Quidquid recipitur ad modum recipientis recipitur.
Whatever is received is received according to the manner of the receiver. – old Latin proverb
I have been working on personal issues around receiving. It doesn’t seem like it should be difficult, but for many of us it is. We are taught to put others before ourselves, and to think of others’ needs before our own. While this sounds like reasonable advice on the surface, it has the potential to create adults who do not attend to their own needs, and therefore are always looking for their needs to be recognized and fulfilled by someone else; a perfect recipe for co-dependent relationships. Many adults are unable to identify their own needs, having grown up accustomed to a caretaker or other person addressing this for them. This seems to be the pattern at the heart of some of our power dysfunctions. What if, as children, we were taught to come first in our lives, not in a selfish way, but in a way that encouraged being able to identify what we need on a daily basis, and to provide for these needs, or feel comfortable asking for these needs to be provided? This would require that we felt and knew we deserve, and are valued enough, to have these needs and to expect them to be met. This creates a better possibility for power balance from an early age. It would teach us self-awareness, self-care as well as the need for reciprocating interactions with those around us. Some of the creepy passive-aggressive behavior aimed at getting un-admitted needs met could be avoided. But it also would mean we all might have to learn not only to give graciously, but receive just as graciously.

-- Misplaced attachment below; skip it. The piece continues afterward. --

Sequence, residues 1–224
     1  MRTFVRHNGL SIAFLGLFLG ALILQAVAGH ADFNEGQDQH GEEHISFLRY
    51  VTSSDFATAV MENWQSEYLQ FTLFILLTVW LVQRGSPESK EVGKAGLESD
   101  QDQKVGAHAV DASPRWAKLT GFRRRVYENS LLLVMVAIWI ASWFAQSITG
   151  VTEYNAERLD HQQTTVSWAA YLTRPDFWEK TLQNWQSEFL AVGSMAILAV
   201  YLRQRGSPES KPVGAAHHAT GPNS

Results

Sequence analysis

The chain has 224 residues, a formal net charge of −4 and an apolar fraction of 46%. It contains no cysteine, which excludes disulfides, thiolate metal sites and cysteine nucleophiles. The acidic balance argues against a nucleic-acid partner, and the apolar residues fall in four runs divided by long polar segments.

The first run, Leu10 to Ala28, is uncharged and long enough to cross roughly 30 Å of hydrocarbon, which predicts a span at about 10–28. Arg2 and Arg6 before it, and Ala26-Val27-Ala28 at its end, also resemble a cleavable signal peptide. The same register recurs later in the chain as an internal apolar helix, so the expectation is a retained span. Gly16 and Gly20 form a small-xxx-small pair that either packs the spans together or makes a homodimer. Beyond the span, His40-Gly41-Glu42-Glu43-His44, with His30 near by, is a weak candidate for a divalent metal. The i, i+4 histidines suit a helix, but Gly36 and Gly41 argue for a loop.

Just some musing that has been going on in the back of my brain as I enjoy longer daylight hours, the melting (and, yes, refreezing) of accumulated snow and ice. Over the weekend, right on the tails of the Snow Moon in February, we were delighted with a snowfall that coated everything with an elegant layer of snow. I was lucky enough to already have a trip planned that became the highlight of the month for me. I traipsed around one of Minnesota’s state parks and filled my heart with the breathtaking landscapes temporarily transformed by the fresh snow. It lasted just an hour or so before the sun broke through the clouds and all melted into mud. But what a lovely vision of winter into spring I witnessed, and I am holding the memories close. At this point of so many transitions, what memories will stay with you? What stories will you tell each other in the coming years about this winter, and the coming spring we are all waiting to receive?